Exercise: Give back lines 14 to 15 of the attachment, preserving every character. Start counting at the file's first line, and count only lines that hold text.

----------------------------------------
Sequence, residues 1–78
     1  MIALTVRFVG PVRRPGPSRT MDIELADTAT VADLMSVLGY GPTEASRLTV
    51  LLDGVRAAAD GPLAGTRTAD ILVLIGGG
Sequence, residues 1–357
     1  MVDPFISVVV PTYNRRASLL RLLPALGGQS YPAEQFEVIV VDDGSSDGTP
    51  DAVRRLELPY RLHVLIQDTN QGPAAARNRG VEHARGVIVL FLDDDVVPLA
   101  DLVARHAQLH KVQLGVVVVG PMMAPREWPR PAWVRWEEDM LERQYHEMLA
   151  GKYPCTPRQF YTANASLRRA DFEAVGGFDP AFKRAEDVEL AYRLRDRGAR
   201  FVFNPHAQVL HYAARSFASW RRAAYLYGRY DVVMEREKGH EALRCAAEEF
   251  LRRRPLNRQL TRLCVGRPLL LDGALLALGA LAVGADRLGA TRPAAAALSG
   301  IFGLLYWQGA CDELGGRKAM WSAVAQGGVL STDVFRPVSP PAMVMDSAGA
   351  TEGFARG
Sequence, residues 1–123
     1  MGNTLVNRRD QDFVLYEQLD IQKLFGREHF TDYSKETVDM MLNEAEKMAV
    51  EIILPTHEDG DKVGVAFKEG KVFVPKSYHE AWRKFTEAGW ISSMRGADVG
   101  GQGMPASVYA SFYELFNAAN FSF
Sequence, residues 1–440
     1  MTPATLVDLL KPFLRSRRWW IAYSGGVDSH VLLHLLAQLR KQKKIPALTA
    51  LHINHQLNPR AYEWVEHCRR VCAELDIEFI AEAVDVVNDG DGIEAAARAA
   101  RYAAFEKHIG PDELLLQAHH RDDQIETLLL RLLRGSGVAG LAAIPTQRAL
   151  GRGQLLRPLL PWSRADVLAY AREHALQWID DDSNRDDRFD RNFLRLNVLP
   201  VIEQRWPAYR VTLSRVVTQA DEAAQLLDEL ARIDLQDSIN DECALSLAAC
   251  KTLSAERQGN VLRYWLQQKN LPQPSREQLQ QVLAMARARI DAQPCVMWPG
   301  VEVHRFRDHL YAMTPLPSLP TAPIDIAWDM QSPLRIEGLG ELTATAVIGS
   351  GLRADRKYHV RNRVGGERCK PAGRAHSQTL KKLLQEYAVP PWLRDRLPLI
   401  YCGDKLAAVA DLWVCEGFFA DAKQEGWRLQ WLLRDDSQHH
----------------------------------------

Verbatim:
     1  MGNTLVNRRD QDFVLYEQLD IQKLFGREHF TDYSKETVDM MLNEAEKMAV
    51  EIILPTHEDG DKVGVAFKEG KVFVPKSYHE AWRKFTEAGW ISSMRGADVG